Naan 6 Keema Naan Leavened Flat Bread
Nan 6 Keema Nan
Naan or Nan is a popular Indian bread, that is traditionally made in a â€˜tandoorâ€™, an Indian clay oven. Tandoors cook food at very high temperatures. It is impossible to have that high a temperature in a domestic oven, but if you cook naans on maximum heat or under a preheated grill, the results are pretty good. In this recipe, it is stuffed with lamb or mutton Keema, spiced mince meat. For keema used as a filling, cook it without peas and make it completely dry, without any gravy or liquid. You can use chicken keema or paneer keema. Keema naan makes a meal in itself, served with a raita of choice and pickles. If you live in UK, you can buy Naan mix from most supermarkets. Makes 6-8.
3 cups or approximately 400 gm. plain white flour or maida.
1 cup or 125 gm. strong flour (bread flour). If you do not have it, use all plain flour.
1/2 cup or 120 ml. active natural yoghurt (dahi)
1/2 cup or 120 ml. milk, hand warm (not hot)* (boil first and then cool-see notes below)
Just over 1/2 cup or 135 ml. hand warm water (not hot) *
(Total liquid 375 ml. approximately. You will need around 350-360 ml. of liquid. Make extra, because different flours need slightly different amounts of water)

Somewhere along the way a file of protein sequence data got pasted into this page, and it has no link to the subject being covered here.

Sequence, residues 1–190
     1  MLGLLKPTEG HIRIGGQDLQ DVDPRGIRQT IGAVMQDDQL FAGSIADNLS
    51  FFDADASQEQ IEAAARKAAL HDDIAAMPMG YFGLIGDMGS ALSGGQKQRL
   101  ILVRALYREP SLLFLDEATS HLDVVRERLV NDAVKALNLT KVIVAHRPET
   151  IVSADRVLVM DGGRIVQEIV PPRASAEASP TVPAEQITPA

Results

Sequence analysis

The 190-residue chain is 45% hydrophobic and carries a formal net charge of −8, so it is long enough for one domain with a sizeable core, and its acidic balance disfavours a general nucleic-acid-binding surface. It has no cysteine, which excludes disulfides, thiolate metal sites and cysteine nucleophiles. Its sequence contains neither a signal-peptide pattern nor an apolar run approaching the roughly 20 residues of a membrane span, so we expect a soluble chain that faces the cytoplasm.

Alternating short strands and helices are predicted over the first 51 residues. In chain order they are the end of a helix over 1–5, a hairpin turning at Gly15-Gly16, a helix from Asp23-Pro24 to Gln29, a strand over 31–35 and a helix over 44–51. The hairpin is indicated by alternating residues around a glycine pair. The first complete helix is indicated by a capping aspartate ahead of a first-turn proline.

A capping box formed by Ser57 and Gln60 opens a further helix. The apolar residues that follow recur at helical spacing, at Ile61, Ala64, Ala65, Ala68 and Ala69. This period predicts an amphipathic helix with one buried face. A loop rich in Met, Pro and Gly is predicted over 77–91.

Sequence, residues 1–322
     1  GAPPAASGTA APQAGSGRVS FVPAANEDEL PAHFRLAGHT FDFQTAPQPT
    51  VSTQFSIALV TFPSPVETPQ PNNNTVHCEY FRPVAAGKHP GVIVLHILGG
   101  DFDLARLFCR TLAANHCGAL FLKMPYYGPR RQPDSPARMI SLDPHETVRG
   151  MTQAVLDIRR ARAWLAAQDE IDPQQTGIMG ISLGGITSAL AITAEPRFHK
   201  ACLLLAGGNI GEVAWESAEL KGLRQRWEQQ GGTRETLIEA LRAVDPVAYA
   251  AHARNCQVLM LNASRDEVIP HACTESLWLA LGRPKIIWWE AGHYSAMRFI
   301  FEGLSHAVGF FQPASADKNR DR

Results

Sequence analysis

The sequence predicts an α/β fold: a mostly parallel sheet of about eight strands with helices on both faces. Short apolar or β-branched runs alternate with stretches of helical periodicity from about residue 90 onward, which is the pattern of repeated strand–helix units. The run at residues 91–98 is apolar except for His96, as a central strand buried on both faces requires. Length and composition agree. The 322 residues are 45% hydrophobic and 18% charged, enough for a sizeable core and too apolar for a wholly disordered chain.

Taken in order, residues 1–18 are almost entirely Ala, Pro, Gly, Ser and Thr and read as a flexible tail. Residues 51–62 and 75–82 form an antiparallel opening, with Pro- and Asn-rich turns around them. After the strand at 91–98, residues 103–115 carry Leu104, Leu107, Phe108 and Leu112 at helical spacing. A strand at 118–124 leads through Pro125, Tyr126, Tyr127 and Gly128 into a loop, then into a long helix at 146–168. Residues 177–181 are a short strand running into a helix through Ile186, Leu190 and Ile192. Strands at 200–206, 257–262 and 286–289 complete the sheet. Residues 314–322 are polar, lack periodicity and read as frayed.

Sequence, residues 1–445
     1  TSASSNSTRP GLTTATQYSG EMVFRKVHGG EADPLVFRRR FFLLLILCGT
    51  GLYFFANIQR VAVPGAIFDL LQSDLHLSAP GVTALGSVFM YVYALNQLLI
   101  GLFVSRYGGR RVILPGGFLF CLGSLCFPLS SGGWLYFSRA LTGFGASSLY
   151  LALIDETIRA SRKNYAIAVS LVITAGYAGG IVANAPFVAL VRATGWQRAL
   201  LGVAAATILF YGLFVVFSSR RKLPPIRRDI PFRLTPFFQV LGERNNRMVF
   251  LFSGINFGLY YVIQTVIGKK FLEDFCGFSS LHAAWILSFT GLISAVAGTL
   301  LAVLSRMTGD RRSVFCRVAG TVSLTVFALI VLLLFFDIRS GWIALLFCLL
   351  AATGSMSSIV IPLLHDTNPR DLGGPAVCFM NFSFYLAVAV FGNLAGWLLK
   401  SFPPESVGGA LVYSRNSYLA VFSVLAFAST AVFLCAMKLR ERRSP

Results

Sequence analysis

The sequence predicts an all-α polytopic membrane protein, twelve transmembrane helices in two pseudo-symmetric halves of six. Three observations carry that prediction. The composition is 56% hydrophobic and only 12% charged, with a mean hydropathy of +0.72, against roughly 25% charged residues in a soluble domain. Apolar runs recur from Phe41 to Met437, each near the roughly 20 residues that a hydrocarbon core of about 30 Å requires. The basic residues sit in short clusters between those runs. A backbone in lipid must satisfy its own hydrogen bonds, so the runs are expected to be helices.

1 tsp. salt
11/2 tsp. sugar
2 level tsp. or one 7 gm. sachet of Instant Yeast* (roughly 1/2 tsp. per cup of flour). Use less yeast if you have more time to allow the dough to rise naturally. Make sure it is fresh. Once opened, the leftover yeast will last for only 3 months or so.
1/2 cup flour for dusting during rolling out
1 tbsp. ghee (optional)
2 tbsp. poppy seeds (khus-khus) or sesame seeds (Til) or nigella seeds (kalonji/kalaunji)
For the Keema
150 gm. mince meat of good quality (lamb or chicken)
1 medium peeled roughly chopped
2-3 cloves garlic, peeled
1/2 inch piece ginger, peeled
1-2 tbsp. oil
2 tbsp. tomato puree
1 tsp chilli powder (adjust to taste)
1 tsp. coriander powder
1 tsp. Garam Masala
1 tsp. salt
1 tbsp. green coriander leaves, finely chopped